Resilience on the Oakland Waterfront

Resilience on the Oakland Waterfront

by Gail Schickele

LWVBAE’s Eva Alexis Bansner Award for Sustainable Communities recipient Johanna Hoffman discussed landscapes at risk from sea level rise talk in her talk Sea Level and the Built Environment presented to Environmental Concerns November 10.

The Bansner award supports UC Berkeley graduate students studying integration of natural resource, land use, economic development planning and urban design and honors late League leader and city planner Eva Bansner’s work for sustainable land use planning and healthy, urban environments.

Hoffman says the approach toward water in our landscapes is no longer appropriate as current waterfronts largely don’t address realities of potential five-foot sea-level rise by 2100. Her research explores sea level rise as a chance to cultivate a cultural shift that positions landscape change as a foundation for planning and design.

Hoffman’s radar is on SOAKLAND, a soaked West Oakland Redevelopment Area encompassing 170 acres of coastal land South of the Bay Bridge East span toll plaza slated for redevelopment since the Oakland Army Base closed in 1999. SOAKLAND invites bay waters into the site, creating a landscape designed to engage Bay dynamics that redefines our relationship toward water to negotiate human presence in landscapes at risk.

Original bay shorelines of Oakland ended far East of present day coast, creating diverse littoral zone and productive bay edge. SOAKLAND reintroduces that bayside diversity to Oakland and strengthens surface connections between stormwater and bay. In a big earthquake, the ground of the site – built on squashy mudflats – may liquefy, comprising all developments in the area and endangering the people who live and work in them. The SOAKLAND plan averts this risk by removing permanent settlement from the site. The industrial landscape surrounding the site is largely inaccessible to the public, creating a disconnect between urban Oakland and the bay. The project site is characterized by severe risk of sea level rise and high toxicity. SOAKALND provides open space, air and water filtration, biofuel production, protection from rising tides, toxin reduction, and flexible commercial space.

Hoffman’s studies have included Iraq marshlands; Chinampas of the Aztec Empire; Crissy Field, San Francisco; Back Bay Fens, Boston; Brooklyn Bridge Park, NYC; Wynard Quarter Waterfront, New Zealand; Riverside Park South NYC; Harlem River Park, Hammarby-Sjostad, Stockholm, Sweden; Hafen City, Hamburg, Germany; and Bishan Ang Mo Park, Singapore.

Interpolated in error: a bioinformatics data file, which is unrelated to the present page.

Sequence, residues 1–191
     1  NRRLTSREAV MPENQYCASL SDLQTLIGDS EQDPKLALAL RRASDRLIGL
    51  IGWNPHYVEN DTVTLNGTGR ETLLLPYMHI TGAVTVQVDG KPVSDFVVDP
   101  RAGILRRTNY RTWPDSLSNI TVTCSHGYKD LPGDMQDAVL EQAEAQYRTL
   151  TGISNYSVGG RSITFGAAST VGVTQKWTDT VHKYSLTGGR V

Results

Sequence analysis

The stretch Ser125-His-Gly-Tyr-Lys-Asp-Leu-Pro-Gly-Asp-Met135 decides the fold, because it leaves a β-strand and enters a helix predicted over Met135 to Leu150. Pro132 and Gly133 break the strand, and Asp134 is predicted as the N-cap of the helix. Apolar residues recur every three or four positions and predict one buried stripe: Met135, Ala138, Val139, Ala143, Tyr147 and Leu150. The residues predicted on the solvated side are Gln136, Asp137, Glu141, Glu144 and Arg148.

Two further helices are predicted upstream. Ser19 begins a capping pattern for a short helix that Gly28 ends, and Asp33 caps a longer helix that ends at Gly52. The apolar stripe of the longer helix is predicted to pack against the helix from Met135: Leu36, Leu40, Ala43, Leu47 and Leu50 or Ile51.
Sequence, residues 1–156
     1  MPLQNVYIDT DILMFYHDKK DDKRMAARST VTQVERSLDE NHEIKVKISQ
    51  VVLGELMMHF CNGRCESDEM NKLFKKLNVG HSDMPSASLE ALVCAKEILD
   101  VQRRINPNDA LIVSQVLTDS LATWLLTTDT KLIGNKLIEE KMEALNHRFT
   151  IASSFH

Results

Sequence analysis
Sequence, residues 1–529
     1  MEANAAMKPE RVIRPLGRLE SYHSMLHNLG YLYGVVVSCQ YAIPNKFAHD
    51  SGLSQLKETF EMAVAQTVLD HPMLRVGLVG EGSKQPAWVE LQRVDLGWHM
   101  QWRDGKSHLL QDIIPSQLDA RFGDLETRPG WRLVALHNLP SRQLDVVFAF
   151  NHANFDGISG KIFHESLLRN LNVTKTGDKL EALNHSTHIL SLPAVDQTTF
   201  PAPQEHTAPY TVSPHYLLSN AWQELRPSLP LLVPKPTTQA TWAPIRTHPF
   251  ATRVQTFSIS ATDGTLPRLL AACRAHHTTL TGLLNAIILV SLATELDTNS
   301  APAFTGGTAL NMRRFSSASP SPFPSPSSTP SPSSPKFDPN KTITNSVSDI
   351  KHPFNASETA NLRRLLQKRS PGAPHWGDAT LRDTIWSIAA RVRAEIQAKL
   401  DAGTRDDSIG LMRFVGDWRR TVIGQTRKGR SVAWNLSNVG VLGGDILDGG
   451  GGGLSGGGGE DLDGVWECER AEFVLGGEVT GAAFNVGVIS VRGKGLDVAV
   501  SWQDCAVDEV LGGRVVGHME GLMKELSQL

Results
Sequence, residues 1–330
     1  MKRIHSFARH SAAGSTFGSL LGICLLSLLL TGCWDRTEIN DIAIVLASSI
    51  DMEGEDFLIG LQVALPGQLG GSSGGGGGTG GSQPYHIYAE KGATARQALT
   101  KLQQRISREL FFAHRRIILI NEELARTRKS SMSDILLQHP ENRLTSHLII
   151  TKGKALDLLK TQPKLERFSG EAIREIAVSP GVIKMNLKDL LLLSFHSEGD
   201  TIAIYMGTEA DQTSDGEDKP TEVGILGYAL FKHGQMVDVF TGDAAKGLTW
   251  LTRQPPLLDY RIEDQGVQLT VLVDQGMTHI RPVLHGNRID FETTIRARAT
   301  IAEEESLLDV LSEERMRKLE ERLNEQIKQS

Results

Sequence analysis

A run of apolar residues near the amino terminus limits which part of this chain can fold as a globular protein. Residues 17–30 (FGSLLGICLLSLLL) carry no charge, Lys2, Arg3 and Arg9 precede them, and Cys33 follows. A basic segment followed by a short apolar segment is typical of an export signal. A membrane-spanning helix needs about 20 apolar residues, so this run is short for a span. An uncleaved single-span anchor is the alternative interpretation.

Hoffman is a Masters candidate in the UC Berkeley Department of Landscape Architecture & Environmental Planning awarded  $2,500 award toward her work to provide a framework for designing spaces with multiple benefits to humans and surrounding ecosystems. Her specific research and action toward ecological approaches to coastal defense in Oakland and development of wetland systems, both constructed and natural, will provide crucial buffers to flooding and storm surge, as well as water filtration, recreational space, wildlife habitat, and opportunities for environmental education.

PLANNING AND DESIGNING SOAKLAND

by Johanna Hoffman

Jutting into the water east of San Francisco and just north of the Port of Oakland, the sOAKLAND project site is a place where the San Francisco Bay’s landscape dynamics have been buried for decades. Built into the Oakland Army Base at the dawn of World War II, the site was once a swath of mudflats bordering tidal wetlands. The site’s transformation into military industrial complex is emblematic of the larger development trend to allocate urban waterfronts to industry, to separate cities from water, and to build on unstable ground.

Devising equitable design strategies for such an area — rife with poor air quality, high liquidation risk, soil toxicity, and risk from sea level rise – is dependent on addressing the question of how humans can best live in fraught environments. Letting go of the hard edge between land and water in favor of a landscape that embraces inundation and earthquakes is a crucial step in preparing ourselves for the climatic instability headed our way. Rather investing in status quo recreational and economic development, building on this site in ways that highlight its vulnerability is a way for design to cultivate disinvestment from vulnerable spaces.

The sOAKLAND intervention is crafted to both engage users with their bay waterfront and cultivate an appreciation of the vulnerability that comes with inhabiting the area. Wetlands are designed at a series of elevations to create a range of socially and economically productive spaces, from algae production to biofuel harvesting. Raise-able walkways designed to gently sway with use provide dynamic circulation systems elevated to protect the complex processes of wetland systems. A series of towers structurally support the walkway system and provide space for commercial development. Newly raised streets connect back to the surrounding grid, allowing pedestrian and bicycle traffic into the site without compromising it ecosystem function.

In its form and function, sOAKLAND creates a place where city and bay can change together, reminding people that settlement in the Bay region is a process of ongoing negotiation.

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